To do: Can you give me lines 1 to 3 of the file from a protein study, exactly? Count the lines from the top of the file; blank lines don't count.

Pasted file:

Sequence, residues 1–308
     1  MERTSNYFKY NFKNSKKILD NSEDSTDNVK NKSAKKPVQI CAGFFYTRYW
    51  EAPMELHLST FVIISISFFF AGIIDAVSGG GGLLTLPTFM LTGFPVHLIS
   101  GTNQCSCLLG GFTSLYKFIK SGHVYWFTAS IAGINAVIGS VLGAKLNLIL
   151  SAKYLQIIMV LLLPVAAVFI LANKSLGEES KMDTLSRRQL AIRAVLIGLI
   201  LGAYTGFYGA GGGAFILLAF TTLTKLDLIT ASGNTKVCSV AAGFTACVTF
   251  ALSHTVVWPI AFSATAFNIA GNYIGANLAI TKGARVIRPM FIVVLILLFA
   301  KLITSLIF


Sequence, residues 1–308
     1  MERTSNYFKY NFKNSKKILD NSEDSTDNVK NKSAKKPVQI CAGFFYTRYW
    51  EAPMELHLST FVIISISFFF AGIIDAVSGG GGLLTLPTFM LTGFPVHLIS